Home-canned black-eyed peas, ready to use, are really useful to have on hand for adding to soups and bean dishes. They can be very nice on top of rice.
You can make your own for pennies a jar. They will even taste better than store canned ones, not having that typical tinny taste.
Quantities of dried black-eyed peas needed
Numbers are approximate guidelines.
- Allow 175 g (6 oz) dried black-eyed peas per half-litre (US pint) jar. 1.5 kg (3 lbs 6 oz) for a canner load of 9 jars;
- Allow 350 g (¾ lbs) dried black-eyed peas per litre (US quart) jar.
Jar size choices: Quarter-litre (½ US pint) OR half-litre (1 US pint) OR 1 litre (1 US quart)
Processing method: Pressure canning only
Headspace: 3 cm (1 inch)
Processing pressure: 10 lbs (69 kPa) weighted gauge, 11 lbs (76 kpa) dial gauge (adjust pressure for your altitude when over 300 metres / 1000 feet)
Processing time: Quarter-litres (½ US pint) and half-litres (pints) 75 minutes; litres (quarts) 90 minutes
Canning black-eyed peas
- Either (a) long-soak the dried black-eyed peas overnight covered with water, OR (b) quick-soak by covering them with water in a saucepan, bring to a boil, boil 2 minutes and let stand for an hour.
- However the beans were soaked, drain and discard the soaking water.
- Put in a pot, cover with fresh water, boil 30 minutes.
- Pack in jars: quarter-litre (½ US pint) or half-litre (1 US pint) or 1 litre (US quart)
- Leave 3 cm (1 inch) headspace.
- Top up each jar with clean boiling water (such as from a kettle, for instance) or with the water you just boiled them in, maintaining headspace.
- Debubble; adjust headspace.
- Wipe jar rims.
- Put lids on.
- Processing pressure: 10 lbs (69 kPa) weighted gauge, 11 lbs (76 kpa) dial gauge (adjust pressure for your altitude when over 300 metres / 1000 feet)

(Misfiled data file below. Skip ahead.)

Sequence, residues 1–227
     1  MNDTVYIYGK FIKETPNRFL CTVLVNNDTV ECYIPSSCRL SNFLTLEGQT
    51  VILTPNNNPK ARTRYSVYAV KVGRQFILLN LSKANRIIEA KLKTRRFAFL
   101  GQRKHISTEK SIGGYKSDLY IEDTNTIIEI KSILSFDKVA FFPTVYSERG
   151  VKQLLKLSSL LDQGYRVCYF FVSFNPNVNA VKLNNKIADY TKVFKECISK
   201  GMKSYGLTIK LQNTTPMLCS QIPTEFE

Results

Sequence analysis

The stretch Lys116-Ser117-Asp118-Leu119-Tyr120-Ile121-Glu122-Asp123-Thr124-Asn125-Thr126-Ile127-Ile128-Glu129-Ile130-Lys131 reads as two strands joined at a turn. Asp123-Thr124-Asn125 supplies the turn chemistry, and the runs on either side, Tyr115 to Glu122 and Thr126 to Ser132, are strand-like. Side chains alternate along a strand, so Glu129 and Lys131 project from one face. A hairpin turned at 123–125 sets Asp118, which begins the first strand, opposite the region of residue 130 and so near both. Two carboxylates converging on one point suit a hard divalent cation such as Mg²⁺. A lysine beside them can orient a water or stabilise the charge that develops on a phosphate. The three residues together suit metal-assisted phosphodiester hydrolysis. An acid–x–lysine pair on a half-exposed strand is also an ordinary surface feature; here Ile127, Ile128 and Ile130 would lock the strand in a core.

- Processing time: quarter-litre (½ US pint) 75 minutes; half-litre (1 US pint) 75 minutes; 1 litre (US quart) 90 minutes.
Processing guidelines below are for weighted-gauge pressure canner. See also if applicable: Dial-gauge pressures.
|Jar Size||Time||0 to 300 m (0 - 1000 feet) pressure||Above 300 m (1000 ft) pressure|
|¼ litre (½ US pint)||75 mins||10 lbs||15 lbs|
|½ litre (1 US pint)||75 mins||10 lbs||15 lbs|
|1 litre (1 US quart)||90 mins||10 lbs||15 lbs|
How to pressure can.
When pressure canning, you must adjust the pressure for your altitude.
More information about Salt-Free Canning in general.
- The USDA guidelines don’t mention the smaller ¼ litre (½ US pint) size jar, but it’s fine to do so, and it’s really handy to have that 1 cup size for garnishes, salads, etc. It just has to have the same processing time as the next tested size up.
- The beans must be partially rehydrated by the methods described before going into the jars. It is not safe to put dried beans in a jar and fill with water, nor will the quality of the product be good either.
- Canning liquid: The USDA suggests to use the cooking water — the water you cooked in the beans in. So Easy to Preserve (2014, page 86) says instead to use (fresh) boiling water.
- About a day after canning, the water in the jars may turn cloudy. That is normal.
Beans or Peas – Shelled, Dried: All Varieties. In: United States Department of Agriculture (USDA). Complete guide to home canning. Agriculture information bulletin No. 539. 2015. Page 4-5.
Cooked, per ½ cup / 86 g:
- 100 calories
*Src: USA pulses.org, accessed June 2020 at https://www.usapulses.org/consumers/nutritious